The Black Caps' Twenty20 World Cup exit may have been heartbreaking, but the purists would conclude they did not deserve a semi-final place anyway.
If teams were rightly rewarded a point each from drawn matches, they'd have finished third in the Super Eights group with two points to the West Indies' three.
Instead they finished a winless last - thanks to the One-over elimintator gimmick that couldn't have less to do with cricket and more to do with TV audiences - when they were a single lusty blow away from finishing second.
A record of one win from five games hardly signifies a successful campaign, but in truth a Super Eights exit was the pre-tournament outcome most observers had predicted.
Rob Nicol. 4 matches, 105 runs at 26.3, SR 119
Started well with 58 and 33 against Pakistan and Sri Lanka but went missing in the two must-win matches. Part-time off spin was perhaps underutilised.
Martin Guptill. 4 matches, 75 runs at 18.8, SR 97.
The imperious and swashbuckling Guptill of last summer has only made sporadic appearances over the New Zealand winter. Top scored with 38 against the Windies but cleared the rope only once all tournament.
Brendon McCullum. 5 matches, 212 runs at 42.4, SR
Sizzled in the opening game with a world record 123, then fizzled with just 89 runs in his next four digs, but still comfortably topped the run charts despite ongoing debate over his best position.
Ross Taylor. 5 matches, 147 runs at 49, SR 146.
Taylor's refusal to bat any higher than 4 restricted him to cameo innings. The exception came in a stirring captain's knock of 62 not out against the Windies, in which he came agonisingly close to dragging the team into the semis himself.
James Franklin. 5 matches, 120 runs at 30, SR 128. 3 wickets
at 17.7, economy rate 8.8.
Franklin's industrious 50 against England saved the side from total embarrassment. Showed versatility in the batting order and chipped in with some expensive wickets.
Kane Williamson. 4 matches, 36 runs at 12, SR 90.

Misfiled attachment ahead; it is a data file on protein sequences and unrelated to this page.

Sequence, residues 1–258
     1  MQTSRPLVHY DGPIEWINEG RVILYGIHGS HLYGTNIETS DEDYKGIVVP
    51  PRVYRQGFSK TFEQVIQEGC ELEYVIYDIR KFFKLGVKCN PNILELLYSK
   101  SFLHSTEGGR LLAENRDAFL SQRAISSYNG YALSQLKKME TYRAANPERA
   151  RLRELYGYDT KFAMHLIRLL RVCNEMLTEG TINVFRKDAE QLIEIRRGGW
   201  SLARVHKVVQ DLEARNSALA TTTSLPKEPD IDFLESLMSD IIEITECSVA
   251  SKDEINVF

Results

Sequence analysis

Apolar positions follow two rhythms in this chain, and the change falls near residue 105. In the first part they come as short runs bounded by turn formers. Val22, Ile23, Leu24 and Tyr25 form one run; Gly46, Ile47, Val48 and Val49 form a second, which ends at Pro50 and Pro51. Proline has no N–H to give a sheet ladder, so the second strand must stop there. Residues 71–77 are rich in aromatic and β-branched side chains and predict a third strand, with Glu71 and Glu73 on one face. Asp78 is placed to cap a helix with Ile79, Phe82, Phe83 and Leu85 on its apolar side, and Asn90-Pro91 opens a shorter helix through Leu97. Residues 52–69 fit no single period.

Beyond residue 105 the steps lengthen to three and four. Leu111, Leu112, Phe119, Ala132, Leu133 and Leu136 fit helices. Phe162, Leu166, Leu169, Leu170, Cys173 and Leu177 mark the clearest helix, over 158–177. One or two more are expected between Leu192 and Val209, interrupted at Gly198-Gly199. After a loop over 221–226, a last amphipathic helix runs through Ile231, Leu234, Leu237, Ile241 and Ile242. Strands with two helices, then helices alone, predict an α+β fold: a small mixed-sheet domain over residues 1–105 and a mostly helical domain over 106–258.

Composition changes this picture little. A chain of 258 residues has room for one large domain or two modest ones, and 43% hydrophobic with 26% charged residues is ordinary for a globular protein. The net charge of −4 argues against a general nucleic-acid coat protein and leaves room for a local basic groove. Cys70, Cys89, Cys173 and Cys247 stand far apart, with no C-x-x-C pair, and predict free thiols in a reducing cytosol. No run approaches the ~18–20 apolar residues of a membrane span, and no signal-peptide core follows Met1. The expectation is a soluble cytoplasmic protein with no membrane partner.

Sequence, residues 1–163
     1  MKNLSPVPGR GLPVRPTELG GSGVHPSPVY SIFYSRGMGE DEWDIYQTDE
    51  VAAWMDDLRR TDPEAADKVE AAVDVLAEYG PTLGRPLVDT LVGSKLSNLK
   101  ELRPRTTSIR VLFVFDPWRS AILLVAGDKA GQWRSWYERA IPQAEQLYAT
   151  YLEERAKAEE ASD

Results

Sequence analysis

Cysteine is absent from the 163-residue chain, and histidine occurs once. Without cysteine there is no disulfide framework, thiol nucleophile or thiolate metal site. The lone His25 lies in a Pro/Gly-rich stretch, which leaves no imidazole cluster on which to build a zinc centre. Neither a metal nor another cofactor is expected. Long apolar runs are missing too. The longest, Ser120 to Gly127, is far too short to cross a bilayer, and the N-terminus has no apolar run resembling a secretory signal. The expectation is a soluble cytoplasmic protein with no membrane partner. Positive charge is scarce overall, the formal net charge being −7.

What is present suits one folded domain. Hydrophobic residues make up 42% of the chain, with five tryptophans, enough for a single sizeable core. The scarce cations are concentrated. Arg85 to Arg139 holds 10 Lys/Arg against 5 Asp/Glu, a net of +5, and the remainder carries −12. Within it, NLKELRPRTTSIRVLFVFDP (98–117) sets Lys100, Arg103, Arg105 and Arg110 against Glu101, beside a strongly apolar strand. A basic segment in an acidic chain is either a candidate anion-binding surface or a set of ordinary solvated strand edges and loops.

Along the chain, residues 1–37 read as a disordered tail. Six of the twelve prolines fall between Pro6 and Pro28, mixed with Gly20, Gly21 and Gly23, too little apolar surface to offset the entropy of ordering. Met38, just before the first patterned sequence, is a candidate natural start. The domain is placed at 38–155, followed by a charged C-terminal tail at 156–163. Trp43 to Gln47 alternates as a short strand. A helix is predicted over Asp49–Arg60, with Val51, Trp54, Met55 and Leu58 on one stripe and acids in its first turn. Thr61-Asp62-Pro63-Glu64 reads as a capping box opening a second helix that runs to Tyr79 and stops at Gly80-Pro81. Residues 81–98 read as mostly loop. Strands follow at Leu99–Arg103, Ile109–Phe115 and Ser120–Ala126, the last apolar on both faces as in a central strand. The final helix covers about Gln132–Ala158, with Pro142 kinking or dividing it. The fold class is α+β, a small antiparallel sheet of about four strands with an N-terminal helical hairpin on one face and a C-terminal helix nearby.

Twenty20 just isn't a good fit for the youngster, who doesn't seem to know his role - and neither it seems does the captain. Not even sighted at the bowling crease.
Jacob Oram. 4 matches, 23 runs at 7.7. 5 wickets at 24.2, ER
All the experience in the world can't atone for the fact that it's been a very long time since Oram made a major contribution with either bat or ball.
Daniel Vettori. 4 matches, 18 runs at 18, SR 113. 2 wickets
at 51.5, ER 6.4.
Scored 18 as a pinch-hitter against Pakistan in his only turn at-bat. Wickets were again hard to come by but he was typically frugal and bowled his full complement in each appearance.
Nathan McCullum. 5 matches, 29 runs at 9.7, SR 116. 4 wickets
26, ER 6.1.
In tandem with Vettori the Otago man consistently dried up the runs, but struggled for breakthroughs in a tournament dominated by wicket-taking quicks. Little chance to impress with the bat.
Kyle Mills. 5 matches, 4 wicket at 32.8, ER 8.2
Not always at his metronomic best, as reflected in his high economy rate. Apart from a tight opening spell against England, this wasn't a vintage series and he struggled for wickets against the big nations.
Tim Southee. 5 matches, 8 wickets at 18, ER 8.
Continues to impress in this format, though the economy rate could still come down a bit. Was a constant threat against Pakistan and the Windies (again snaring Chris Gayle) but was far better handled by England and Sri Lanka.
Doug Bracewell. 2 matches, 4 wickets at 9.8, ER
Dougy, where the bloody hell were ya? Not sighted until the penultimate over of New Zealand's penultimate game, Bracewell promptly took a wicket and added three more against the Windies, for an average of a wicket every seven balls.
Ronnie Hira. 1 match, 1 wicket at 24, ER 6.
Like Bracewell, his only real chance to impress came against the West Indies and he held the middle overs together well with a tidy spell.
Adam Milne. 1 match, no wickets for 12 runs, ER 12.
The ultimate cameo appearance, conceding 12 in his only over of the tournament against Pakistan.
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